The order comes on top of another 500 million tests that the White House pledged before the Christmas holiday would be available to Americans this month.
"Today I'm directing my team to procure ... an additional 500 million more tests to distribute for free," Biden said ahead of a briefing from advisers.
The president has come under criticism for not focusing more on testing earlier as part of his strategy for fighting the pandemic. A nationwide shortage of tests has plagued the response in recent weeks during the rampant spread of the highly contagious Omicron variant.
A White House official said earlier on Thursday the tests would be free for American consumers and that the White House would share more details about their distribution at a later date. Details about the website that will have information on the first tranche of 500 million tests will be available on Friday, the official said.
When the original 500 million tests were announced, experts said the White House's actions were too slow and not bold enough to deal with Omicron's spread. Since then, the Department of Defense has signed contracts with two procurement companies, Revival Health and Goldbelt Security, to provide them.
"This month it's estimated that we will hit approximately 15 million tests a day and we'll have over 375 million at-home rapid tests in January alone. That's a huge leap," Biden said, adding that the administration is on track to roll out a website next week from which people will be able to order free tests to be shipped to their homes. He also said the administration would announce next week how it would make masks available to Americans for free.
Norway eases Covid-19 rules
The Norwegian government will partly reverse a ban on serving alcohol in bars and restaurants, one of several policy changes as it seeks to relax Covid-19 restrictions, the prime minister said on Thursday. "We can ease some restrictions, but not all," Jonas Gahr Støre told a news conference.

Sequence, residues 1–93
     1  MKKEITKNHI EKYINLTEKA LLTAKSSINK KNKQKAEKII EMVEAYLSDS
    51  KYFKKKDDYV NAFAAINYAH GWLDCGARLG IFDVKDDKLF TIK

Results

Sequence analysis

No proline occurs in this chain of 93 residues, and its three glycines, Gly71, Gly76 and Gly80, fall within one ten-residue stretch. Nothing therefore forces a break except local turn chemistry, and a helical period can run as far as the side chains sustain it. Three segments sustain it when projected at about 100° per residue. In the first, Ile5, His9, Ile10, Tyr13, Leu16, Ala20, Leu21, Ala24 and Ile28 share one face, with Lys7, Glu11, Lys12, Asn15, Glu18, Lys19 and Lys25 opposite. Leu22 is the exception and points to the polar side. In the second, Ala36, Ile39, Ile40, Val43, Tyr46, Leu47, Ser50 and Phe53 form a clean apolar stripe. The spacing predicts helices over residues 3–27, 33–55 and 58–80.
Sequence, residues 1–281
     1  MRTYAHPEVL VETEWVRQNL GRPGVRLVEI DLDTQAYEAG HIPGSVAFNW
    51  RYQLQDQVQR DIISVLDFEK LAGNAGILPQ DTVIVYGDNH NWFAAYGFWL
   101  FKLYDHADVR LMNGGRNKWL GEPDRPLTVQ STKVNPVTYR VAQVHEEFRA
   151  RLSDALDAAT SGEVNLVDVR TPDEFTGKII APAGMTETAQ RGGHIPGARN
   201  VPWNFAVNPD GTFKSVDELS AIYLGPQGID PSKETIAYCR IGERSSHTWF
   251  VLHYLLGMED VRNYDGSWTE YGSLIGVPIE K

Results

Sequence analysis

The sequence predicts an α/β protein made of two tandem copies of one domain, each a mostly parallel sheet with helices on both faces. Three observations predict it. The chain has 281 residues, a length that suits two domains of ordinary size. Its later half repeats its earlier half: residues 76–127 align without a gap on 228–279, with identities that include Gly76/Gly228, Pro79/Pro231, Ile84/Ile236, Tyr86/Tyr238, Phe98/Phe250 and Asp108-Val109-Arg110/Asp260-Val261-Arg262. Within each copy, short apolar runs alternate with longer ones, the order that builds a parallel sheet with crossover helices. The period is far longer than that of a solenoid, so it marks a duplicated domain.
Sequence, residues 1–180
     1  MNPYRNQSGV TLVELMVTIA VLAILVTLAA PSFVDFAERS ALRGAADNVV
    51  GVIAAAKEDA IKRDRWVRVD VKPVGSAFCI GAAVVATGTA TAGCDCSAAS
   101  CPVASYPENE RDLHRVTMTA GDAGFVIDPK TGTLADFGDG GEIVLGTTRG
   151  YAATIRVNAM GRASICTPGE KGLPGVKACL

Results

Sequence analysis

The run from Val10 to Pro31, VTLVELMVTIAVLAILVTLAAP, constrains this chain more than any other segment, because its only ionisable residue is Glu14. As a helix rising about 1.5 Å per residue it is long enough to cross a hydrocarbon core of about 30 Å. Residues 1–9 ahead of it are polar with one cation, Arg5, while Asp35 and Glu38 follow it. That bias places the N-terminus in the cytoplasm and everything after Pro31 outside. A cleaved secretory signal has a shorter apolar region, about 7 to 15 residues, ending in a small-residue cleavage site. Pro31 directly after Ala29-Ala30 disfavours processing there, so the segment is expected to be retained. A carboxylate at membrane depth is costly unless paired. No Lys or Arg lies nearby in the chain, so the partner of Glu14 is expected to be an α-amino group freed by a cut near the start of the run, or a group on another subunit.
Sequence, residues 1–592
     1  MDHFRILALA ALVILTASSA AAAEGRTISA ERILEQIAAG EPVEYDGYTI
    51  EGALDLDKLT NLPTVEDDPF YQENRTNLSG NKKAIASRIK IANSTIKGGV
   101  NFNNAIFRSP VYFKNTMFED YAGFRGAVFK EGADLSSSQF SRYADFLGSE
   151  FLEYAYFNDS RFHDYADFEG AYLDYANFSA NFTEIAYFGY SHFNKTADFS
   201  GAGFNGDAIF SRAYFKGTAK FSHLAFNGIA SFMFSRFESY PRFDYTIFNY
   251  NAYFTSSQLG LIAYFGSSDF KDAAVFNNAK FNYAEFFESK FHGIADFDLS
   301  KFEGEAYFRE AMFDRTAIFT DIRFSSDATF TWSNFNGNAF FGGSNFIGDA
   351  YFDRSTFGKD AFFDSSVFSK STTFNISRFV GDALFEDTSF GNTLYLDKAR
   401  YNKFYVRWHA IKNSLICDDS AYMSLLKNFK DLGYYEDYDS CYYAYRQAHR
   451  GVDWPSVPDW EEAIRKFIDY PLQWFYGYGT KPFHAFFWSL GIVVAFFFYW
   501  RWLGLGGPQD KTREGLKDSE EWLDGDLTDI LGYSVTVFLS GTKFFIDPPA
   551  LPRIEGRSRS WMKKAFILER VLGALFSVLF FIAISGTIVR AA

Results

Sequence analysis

Bars and restaurants will be able to serve alcoholic drinks until 11 p.m. local time, a partial reversal the total ban introduced in December which has hit the Nordic country's hospitality industry hard.
An outbreak of the Omicron variant of the coronavirus in late November was traced back to a super spreader event at a restaurant in central Oslo, which led the Norwegian government to reintroduce some nationwide restrictions to curb the spread.
But while the number of hospitalisations rose in the Nordic country last month following a surge of Covid-19 infections, it has now fallen for several weeks even as more people tested positive for the virus.
Children will face fewer restrictions, making it easier to avoid home schooling. Youth sports activities will also be allowed to resume, although adult sports will still be restricted, the government said.
Quarantines will in many cases be replaced by a mandatory test regime, it added.
France reports 305,322 new Covid-19 cases